Once the storm had cleared, and the three had some time to work out how they came together like this, they deduced that the main target they were after was a Kree named Dar-Benn, and she was seeking out some other planets and objects to meet her ends. The bad guys they fought earlier were in cahoots with Dar-Bell as they investigated the planet for the bangles where she knew they would’ve been. It turned out she knew about the power of the bangles, called the Quantum Bands, and wanted both so she could harness the powers they would’ve granted. And because Kamala possessed one of those two bangles, it made her more aware of how the bangles worked together and where the second one could be hiding. So then, the three of them banded up and traveled together, despite Kamala’s family’s concerns, to try and find the other bangle before Dar-Bell did. It also arranged an opportunity for Kamala to meet her biggest idol, for Carol to get acquainted with her biggest fan, and most of all, for Carol to get reacquainted with Monica after they’ve been away for so long and after Monica grew up to be an adult when Carol last saw her as a child.

Over four years have passed since the release of the first Captain Marvel, and outside of her appearances in Avengers: Endgame and possibly Shang-Chi and The Legend of the Ten Rings, she barely had any involvement in the MCU. So, besides this movie serving as a follow-up to both Captain Marvel and Ms. Marvel, it had to have accomplished something worthwhile to keep its momentum as a follow-up and provide a satisfactory return for Carol Danvers and a continuation for Kamala Khan.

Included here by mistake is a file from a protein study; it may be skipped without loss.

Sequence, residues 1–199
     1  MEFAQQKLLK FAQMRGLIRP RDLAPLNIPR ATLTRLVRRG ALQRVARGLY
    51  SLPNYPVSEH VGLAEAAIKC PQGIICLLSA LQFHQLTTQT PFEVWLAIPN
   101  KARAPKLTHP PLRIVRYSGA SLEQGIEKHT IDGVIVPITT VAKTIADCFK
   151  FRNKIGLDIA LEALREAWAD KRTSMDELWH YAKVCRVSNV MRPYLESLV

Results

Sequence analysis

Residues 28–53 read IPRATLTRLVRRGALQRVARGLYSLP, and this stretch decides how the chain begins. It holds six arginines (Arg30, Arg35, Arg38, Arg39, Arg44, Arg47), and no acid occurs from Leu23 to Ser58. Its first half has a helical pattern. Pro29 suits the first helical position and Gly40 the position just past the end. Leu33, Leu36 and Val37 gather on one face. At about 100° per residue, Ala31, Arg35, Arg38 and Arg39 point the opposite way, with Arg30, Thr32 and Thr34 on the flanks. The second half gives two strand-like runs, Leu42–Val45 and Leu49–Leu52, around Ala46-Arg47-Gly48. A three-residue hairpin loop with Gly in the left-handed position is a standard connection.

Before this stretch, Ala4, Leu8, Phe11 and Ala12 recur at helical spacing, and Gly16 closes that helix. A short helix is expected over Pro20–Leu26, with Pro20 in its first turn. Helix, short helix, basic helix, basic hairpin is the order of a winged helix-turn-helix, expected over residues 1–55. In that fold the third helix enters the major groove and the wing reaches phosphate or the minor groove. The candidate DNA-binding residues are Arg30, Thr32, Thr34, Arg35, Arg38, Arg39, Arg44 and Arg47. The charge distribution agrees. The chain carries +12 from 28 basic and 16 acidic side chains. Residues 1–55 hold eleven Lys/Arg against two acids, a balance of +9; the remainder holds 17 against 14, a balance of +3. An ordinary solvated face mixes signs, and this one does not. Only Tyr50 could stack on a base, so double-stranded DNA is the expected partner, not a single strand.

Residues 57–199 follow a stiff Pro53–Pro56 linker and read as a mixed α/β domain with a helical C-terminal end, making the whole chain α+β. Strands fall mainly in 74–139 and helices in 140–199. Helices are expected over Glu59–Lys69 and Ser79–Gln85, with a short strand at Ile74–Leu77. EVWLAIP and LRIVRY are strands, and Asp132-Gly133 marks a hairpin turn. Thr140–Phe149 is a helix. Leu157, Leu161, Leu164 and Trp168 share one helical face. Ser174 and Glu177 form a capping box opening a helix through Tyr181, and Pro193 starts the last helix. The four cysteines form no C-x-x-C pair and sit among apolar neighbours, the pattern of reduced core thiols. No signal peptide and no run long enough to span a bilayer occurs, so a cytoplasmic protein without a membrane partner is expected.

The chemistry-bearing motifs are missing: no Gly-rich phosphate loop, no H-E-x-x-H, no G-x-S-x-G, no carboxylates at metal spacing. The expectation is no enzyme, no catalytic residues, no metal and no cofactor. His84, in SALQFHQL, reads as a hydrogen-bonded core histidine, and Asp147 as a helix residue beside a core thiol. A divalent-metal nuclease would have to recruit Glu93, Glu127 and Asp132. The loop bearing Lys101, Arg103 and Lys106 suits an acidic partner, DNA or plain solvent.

However, some things just didn’t hit the mark as I hoped.



First, there’s a section where Carol, Monica, and Kamala ventured into the planet of Aladna, which was famous for being bountiful with water and felt reminiscent of Kamala’s culture back on Earth with its splashy colors and festive energy. However, not only were its functionalities questionable - I mean, how can anyone on this planet speak only in song and have that be treated as a separate language from English? Maybe just pure harmonizing with foreign-sounding dialects would’ve been all you’d need to convey a more musical-type atmosphere and culture – but it turns out that Carol was married to one of its princes, Yan D’Aladna. Dude, that just came right out of nowhere! Granted, Carol has not been around for a very long time in the MCU. After all, she was on Earth until 1995 and then went off into space for 23 years before returning to help the Avengers defeat Thanos in Endgame – for all her little involvement in the movie – but still, a little exposure on this would’ve been most helpful. In a nutshell, I’d describe their pursuits and adventures on this planet as half-baked. And, looking at this almost makes me wish that a prequel series to highlight Carol’s adventures and potentially bridge the gap between both Captain Marvel movies would help a lot.


Also, speaking of companions, I wish Nick Fury had more screen time and involvement in this movie. I understand that Nick Fury was Carol’s closest friend after these two met back in the ’90s, so because they grew so close and because Nick Fury spent so much time up in space, you’d think that some semblance of friendship would’ve played a more prominent role here than it had. The closest thing he did to a contribution was acknowledge the bangles’ effects when their gamma-magnetic powers caused Carol, Kamala, and Monica to switch places constantly. But outside of that and watching over Kamala’s family to keep them out of harm’s way, I wish he would’ve done more than he had. Even given his involvement in Secret Invasion, I don’t want to give away what happens by the end of that series, but murky as I thought the ending was, I thought that perhaps the events highlighted in the show would’ve been addressed here in the movie, too, as if to continue what happened in that show as well.



While my mind is still fresh on Carol, Kamala, and Monica, do they make for a multifaceted team?


Well…almost.